When he wrote Sunscreen, some of the most interesting people Baz Luhrmann knew at 22 didn’t know what they wanted to do with their lives. Some of the most interesting 40-year-olds still didn’t. Only at 45, after so much, do I know what I want to do. Those conflicting young ladies just need guidance. 

One of the young ladies made an inaugural visit recently and commented – as others have – on how this place is so me. Even if I wasn’t in the place and she was asked who among her friends this place was home to, she would instantly say me. Because she knows me so well. That same young lady stayed with me for a couple of days. I shared a bed with a seventeen year old girl. Nothing happened, other than the two of us having someone else to hold as we slept. She slept with me because with me, she feels comfortable, safe and secure. I pose no threat to her. This particular young lady typifies the collective. Sometimes I can see how they might perhaps be a little naive, or too trusting. There are others who might abuse that trust but I wouldn’t throw away everything those girls have placed in me and risk losing the pleasure of their company. They are free with me and they know where to find me.

I met with my sometimes assumed arch nemesis recently, when he was invited to the bar as my guest. If anyone was expecting fireworks, sorry to piss on your bonfire. The situation between us wasn’t of our making; it was based on rumours circulating about both of us individually. Between us we managed to deconstruct the myths which had contributed to the rumours and identify sources. There are no scores to be settled and there is clear and level ground between us. No doubt the rumour mill will start up again but it’s something else I’m moving on from. I just needed to put some things straight first. If anything gets twisted, I’ll know how and by whom: it all still feeds back to me, even though I have less to do with the old family these days. But we’re still family and the plastic police didn’t reckon on the accused and their appointed guard valuing family ties as much as we do. They underestimated at least one of us. Both of us have better links to some of the family than the other, so we can be of mutual benefit to one another. The Pink Hearts will not be divided, no matter how divisive others try to be: we find a way. They still come to see me, even if they have to find inventive ways of doing so, invent alibis, cover stories or smoke screens. Most recently, this has included a couple of boyfriends and at least one parent. One young lady arrived a while back, seeking sanctuary because she was being stalked: not physically in the street but she came here. Because safety for her is here, with me and where I live is a licensed establishment with a landlord. The landlord of the pub is also my landlord, who I pay rent to for the bedsit. Because this is a licensed premises, fire regulations state that the landlord must know who is in the building outside of the pub’s commercial operating hours. He will not allow anyone to stay here who he doesn’t know. He knows the ages of anyone who enters the premises as entrance to the flat is via the bar, which guests to the flat patronise and where those guests are subject to ID checks. The landlord therefore knows that seventeen year-old girls stay here and it’s cool and the gang because he knows me and trusts me.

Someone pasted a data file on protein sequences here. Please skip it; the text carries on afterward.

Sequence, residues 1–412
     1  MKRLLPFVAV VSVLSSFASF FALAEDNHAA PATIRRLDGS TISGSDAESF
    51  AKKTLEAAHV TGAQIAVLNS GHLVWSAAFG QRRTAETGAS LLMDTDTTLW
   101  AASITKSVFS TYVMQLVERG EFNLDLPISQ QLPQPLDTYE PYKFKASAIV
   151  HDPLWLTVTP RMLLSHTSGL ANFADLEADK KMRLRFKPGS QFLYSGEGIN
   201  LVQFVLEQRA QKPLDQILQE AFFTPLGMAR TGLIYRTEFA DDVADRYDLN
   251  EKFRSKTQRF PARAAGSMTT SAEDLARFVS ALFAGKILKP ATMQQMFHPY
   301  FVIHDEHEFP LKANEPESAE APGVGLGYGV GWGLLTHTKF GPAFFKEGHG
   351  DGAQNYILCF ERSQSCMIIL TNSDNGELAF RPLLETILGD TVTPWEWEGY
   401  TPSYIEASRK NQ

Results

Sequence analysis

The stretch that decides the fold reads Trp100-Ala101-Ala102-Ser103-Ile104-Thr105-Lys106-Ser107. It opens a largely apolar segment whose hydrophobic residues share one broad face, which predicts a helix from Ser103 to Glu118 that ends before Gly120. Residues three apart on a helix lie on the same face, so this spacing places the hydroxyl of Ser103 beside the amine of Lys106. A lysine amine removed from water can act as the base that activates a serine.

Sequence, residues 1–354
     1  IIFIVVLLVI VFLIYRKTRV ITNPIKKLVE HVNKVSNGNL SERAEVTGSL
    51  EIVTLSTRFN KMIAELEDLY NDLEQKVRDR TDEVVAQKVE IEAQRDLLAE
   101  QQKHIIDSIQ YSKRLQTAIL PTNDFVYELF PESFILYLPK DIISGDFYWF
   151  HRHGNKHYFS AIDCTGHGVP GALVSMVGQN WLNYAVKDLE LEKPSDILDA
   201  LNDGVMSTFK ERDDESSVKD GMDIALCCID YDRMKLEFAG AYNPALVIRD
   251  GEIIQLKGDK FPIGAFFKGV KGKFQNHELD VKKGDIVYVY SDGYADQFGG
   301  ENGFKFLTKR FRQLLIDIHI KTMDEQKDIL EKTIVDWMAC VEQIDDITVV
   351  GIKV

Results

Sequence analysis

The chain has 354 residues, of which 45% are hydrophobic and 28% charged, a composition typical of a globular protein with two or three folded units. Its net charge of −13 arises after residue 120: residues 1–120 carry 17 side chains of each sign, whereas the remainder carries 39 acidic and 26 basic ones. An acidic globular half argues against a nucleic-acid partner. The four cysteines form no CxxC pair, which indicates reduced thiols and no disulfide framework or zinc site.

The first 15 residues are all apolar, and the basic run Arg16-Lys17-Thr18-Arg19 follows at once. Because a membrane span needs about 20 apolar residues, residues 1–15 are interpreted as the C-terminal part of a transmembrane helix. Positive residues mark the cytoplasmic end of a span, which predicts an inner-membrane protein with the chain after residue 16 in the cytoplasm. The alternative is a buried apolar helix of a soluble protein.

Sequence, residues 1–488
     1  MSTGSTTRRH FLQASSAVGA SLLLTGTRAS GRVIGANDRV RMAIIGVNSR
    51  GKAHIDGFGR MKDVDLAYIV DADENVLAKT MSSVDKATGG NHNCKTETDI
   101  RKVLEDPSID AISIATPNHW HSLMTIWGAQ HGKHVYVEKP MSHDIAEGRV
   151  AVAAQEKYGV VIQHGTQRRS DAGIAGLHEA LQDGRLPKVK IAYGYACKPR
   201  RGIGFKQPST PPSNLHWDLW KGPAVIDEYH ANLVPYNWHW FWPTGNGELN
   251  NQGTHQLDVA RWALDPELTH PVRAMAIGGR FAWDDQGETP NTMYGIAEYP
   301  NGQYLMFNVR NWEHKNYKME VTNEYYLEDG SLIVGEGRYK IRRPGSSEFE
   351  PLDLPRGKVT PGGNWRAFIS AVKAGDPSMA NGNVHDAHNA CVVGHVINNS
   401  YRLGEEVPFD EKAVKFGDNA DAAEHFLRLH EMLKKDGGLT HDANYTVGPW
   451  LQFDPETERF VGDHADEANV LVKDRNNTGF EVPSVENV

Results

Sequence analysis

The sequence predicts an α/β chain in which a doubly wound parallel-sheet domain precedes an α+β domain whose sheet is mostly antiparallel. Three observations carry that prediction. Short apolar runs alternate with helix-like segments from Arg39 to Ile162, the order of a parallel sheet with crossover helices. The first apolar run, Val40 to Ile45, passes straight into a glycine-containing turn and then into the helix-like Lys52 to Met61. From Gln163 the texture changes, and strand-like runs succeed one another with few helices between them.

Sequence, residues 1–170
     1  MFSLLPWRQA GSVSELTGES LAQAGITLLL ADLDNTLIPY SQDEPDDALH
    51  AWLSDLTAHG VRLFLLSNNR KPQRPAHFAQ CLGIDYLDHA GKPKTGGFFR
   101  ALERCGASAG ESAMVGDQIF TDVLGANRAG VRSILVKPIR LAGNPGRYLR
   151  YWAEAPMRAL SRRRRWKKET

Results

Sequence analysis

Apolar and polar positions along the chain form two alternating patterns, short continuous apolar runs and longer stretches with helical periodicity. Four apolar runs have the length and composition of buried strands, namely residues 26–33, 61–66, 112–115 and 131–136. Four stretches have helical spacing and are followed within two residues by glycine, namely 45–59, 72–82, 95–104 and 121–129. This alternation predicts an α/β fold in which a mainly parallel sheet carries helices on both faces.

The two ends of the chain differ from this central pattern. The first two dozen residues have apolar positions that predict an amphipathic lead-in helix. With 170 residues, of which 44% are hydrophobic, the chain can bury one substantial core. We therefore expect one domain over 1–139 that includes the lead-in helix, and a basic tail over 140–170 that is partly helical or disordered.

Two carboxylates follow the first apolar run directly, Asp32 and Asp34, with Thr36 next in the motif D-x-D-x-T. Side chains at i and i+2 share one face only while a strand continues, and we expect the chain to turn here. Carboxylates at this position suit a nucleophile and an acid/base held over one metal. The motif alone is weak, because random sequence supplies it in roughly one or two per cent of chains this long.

What do the girls see in me? Personally, I’m at a loss but they say it’s simply me. The one who can’t be categorised or contained; the free spirit, anarchist and punk: everything I was when I was their age and which I still am. They may be romanticizing or fantasizing but that’s where it stays. In much the same way that I can live within a character I’m writing about and take on the role, I can live within them. I can relate to them, play devil’s advocate and assume the role of protagonist or antagonist in the stories which we build together. I give them time and space to express themselves, as I am privileged to do for myself when I’m writing. The nature of my job means that I can spare those girls the time which others can’t.

A couple of days ago, I had one of my regular brunch meetings with the mother ship: always a pleasure, as mother ship is an affectionate term. We were joined by the man who only in the last eighteen months I have realised is the one whom I admire the most: my dad. I shall not attempt to describe such a great man in the confines of a blog post largely about other matters but my dad is as relevant as my mum in the making of me. My father is as modest as he is deep, in an almost impenetrable way but I shall permit myself one reference from the old man: that he is proud of me and what I’ve become. Nowhere near as proud as I am to be your son. I can only keep telling the girls that there are others besides me.

“…I am there for them when you are not. Where is your daughter now? Not with me…”

I’m the same as them, largely thanks to my depression. For their parents’ sakes, as well as that of my own sanity, I hope that none of the girls follow the route which I’ve taken. My parents bore a great burden with me but it was them who made me. There were other outside influences though, just as there are with the girls.